A place for experimentation. In an IT context, a sandbox is a testing environment that isolates untested code changes and experimentation from the production environment. Sandboxes have different security controls than do live/production environments.
The ability of a program, process, service, or application to perform its agreed function when the workload or scope changes.
A diagrammatic representation of the structure or framework of something. It is the logical and physical definition of data elements, physical characteristics and interrelationships. In the context of Data Modeling, it refers to a pecification for how a database is physically organized (also called the logical view of a database). It includes all the data elements in the databases and how these elements logically relate to each other.
an acronym for Supply Chain Management
The boundary, or extent, to which a process, procedure, certification, contract etc. applies.
Any modification to the approved project scope that will materially impact the project.
A clear, concise definition of the effort to be addressed, it forms the basis for an agreement between the project and the project's customer on the scope of work.
see data scrubbing
an acronym for Software Development
see Software Development Life Cycle
see Software Development Life Cycle
Second Normal Form
The result of normalizing to ensure that a data model contains no partial key dependencies. In practice, when entities have compound keys, seek out any attribute that is dependent upon only part of the key. Whatever business thing isentifiable by that part of the key is an entity, and the 2NF violation is an attribute of that entity. (DMReview definition)
Secure Sockets Layer (SSL)
Secure sockets layer is a security technology that is commonly used to secure server to browser transactions.
A segment is a part of a data flow, starting or ending with a split/merge of data. See also Split/Merge
Segregation of duties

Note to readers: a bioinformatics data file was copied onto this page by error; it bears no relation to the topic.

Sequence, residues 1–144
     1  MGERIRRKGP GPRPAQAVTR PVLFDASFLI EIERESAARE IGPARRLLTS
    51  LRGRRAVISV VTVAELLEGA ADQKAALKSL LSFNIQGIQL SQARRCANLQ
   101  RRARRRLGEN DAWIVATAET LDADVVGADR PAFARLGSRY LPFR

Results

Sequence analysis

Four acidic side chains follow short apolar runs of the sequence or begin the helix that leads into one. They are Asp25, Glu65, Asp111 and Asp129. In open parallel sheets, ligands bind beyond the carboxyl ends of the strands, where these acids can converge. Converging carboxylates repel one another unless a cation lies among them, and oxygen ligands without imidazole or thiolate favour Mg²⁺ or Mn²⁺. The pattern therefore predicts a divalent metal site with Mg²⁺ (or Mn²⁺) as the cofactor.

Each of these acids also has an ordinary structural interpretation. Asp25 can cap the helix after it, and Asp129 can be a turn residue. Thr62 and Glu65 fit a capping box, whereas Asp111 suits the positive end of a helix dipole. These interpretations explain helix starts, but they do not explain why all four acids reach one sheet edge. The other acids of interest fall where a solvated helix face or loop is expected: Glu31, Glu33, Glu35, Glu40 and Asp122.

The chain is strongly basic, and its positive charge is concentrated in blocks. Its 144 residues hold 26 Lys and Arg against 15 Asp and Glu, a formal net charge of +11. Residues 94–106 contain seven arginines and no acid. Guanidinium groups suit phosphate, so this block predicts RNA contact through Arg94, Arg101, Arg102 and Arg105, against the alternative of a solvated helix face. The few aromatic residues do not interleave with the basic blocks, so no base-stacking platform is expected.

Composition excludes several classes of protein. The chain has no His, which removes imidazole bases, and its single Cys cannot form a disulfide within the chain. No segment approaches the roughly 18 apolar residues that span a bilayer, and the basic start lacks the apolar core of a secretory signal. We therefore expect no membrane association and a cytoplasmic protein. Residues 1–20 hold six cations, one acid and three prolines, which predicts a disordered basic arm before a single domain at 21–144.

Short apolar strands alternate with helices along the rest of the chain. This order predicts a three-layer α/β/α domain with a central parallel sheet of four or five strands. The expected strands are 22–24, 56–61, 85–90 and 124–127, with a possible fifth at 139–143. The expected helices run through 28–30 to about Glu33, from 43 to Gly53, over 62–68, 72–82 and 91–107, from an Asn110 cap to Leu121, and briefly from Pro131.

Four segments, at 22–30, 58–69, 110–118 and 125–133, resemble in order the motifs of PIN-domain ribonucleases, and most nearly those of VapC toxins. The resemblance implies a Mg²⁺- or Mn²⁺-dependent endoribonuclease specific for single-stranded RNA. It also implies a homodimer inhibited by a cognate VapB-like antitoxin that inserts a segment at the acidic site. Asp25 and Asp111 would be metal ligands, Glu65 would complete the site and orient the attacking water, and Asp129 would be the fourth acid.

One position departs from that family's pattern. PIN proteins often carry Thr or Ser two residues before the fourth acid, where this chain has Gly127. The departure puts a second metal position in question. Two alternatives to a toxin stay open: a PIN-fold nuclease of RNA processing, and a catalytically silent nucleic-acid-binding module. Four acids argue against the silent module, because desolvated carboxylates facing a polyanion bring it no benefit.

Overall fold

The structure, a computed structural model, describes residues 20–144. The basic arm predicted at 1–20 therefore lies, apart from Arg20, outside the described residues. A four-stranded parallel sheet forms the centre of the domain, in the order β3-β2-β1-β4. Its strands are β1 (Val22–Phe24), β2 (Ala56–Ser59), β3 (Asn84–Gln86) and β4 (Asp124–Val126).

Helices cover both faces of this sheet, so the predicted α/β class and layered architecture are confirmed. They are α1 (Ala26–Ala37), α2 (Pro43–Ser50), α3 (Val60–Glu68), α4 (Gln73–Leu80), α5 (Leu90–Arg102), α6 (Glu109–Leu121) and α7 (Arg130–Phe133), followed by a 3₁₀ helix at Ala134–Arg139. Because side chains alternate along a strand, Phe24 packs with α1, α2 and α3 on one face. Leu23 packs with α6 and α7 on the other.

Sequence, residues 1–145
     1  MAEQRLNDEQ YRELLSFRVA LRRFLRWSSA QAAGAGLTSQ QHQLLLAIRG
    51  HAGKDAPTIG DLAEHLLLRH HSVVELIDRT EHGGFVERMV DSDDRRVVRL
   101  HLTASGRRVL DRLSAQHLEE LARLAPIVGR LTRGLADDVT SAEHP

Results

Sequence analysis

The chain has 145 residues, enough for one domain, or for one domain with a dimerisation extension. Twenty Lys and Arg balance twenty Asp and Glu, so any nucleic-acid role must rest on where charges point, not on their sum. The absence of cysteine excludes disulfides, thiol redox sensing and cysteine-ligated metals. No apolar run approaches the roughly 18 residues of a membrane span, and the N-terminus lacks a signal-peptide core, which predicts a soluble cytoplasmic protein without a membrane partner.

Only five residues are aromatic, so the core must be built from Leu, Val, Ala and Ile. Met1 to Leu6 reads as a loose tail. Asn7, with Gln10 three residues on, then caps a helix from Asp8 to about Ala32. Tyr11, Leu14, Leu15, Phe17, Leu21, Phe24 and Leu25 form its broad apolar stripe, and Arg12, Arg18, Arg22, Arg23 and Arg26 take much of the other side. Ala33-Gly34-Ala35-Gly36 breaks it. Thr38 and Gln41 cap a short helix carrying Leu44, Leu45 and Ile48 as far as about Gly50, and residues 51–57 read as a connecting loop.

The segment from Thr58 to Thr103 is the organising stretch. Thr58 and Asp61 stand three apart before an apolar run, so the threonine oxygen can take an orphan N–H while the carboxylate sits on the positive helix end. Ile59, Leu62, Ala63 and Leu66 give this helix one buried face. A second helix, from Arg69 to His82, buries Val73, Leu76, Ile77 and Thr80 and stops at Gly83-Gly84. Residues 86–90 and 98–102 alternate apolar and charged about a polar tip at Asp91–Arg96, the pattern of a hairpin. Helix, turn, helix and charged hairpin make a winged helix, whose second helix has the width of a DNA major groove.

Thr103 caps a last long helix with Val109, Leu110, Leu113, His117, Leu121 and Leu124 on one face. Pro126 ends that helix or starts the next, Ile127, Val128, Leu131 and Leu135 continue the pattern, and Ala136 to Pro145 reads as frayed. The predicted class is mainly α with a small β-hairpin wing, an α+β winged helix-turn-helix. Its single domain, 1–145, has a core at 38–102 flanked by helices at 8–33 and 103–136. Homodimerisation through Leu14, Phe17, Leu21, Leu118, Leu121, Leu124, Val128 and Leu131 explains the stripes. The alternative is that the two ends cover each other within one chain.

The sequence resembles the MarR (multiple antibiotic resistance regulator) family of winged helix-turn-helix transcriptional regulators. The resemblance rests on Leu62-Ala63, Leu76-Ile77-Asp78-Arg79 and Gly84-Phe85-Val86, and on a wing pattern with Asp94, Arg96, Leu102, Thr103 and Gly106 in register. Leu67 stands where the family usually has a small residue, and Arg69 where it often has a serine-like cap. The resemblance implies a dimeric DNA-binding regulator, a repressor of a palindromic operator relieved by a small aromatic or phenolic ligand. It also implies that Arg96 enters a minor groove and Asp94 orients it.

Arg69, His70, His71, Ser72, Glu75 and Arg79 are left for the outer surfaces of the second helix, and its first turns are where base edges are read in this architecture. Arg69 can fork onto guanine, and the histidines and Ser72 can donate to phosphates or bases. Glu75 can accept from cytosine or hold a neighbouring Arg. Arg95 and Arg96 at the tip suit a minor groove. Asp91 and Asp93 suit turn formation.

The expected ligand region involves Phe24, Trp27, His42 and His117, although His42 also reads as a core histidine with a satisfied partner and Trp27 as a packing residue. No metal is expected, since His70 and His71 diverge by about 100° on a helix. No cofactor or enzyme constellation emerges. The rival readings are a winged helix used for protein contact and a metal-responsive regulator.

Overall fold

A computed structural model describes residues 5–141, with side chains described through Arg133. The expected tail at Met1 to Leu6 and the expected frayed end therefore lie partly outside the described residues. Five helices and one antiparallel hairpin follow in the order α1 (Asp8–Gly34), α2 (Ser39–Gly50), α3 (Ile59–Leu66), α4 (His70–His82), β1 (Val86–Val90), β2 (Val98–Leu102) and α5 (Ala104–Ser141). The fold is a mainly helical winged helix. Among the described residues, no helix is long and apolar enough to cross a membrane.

A control that splits up execution of an activity into multiple roles which are assigned to different people.
In a broad sense, the study of meaning. The relationships of characters or groups of characters to their meanings, independent of the manner of their interpretation and use. Contrast with syntax. In the context of Information Technology, Semantics Technology offer capabilities for extracting information from data and for deriving value from an organization's information collections.
Data that is private, personal, or proprietary and must be protected from unauthorized access.
A UML diagram that shows the processes that execute in sequence.
A document listing all IT services, with summary information about their SLAs and customers. The Service Catalogue is created and maintained by the IT service provider and is used by all IT Service Management Processes. (Baseline IT definition)
The core IT Service Management Processes that have a tactical or strategic focus. In ITIL these are Service Level Management, Capacity Management, IT Service Continuity Management, Availability Management, and Financial Management for IT Services. Service Delivery is also used to mean the delivery of IT Services to Customers. (Baseline IT definition)
As part of a Call Center, the Service Desk is the single point of contact between the Service Provider and its users. A typical Service Desk manages incidents and service requests, and also handles communication with users.
Service Desk Ticket
A generic term for a request or change order submitted to a Help Desk or Service Desk
Service Level Agreement (SLA)
An agreement between an service provider and a customer.
Service-Oriented Architecture (SOA)
A model for application construction that decouples server business functionality from client logic. The business functionality is organized as a collection of modules (services) each of which has a clear businessentity and strict formal interfaces. Theentity allows a requester to map a function to a service, and the formal interface enables any qualified requester to invoke the service without any information regarding its internal design. Behind the interface, the implementation of the service may be a single program or a flow of multiple programs and may include calls to a message broker. (Gartner definition) A service-oriented architecture is a collection of services that communicate with each other. The services are self-contained and do not depend on the context or state of the other service. They work within a distributed systems architecture. (DMReview definition)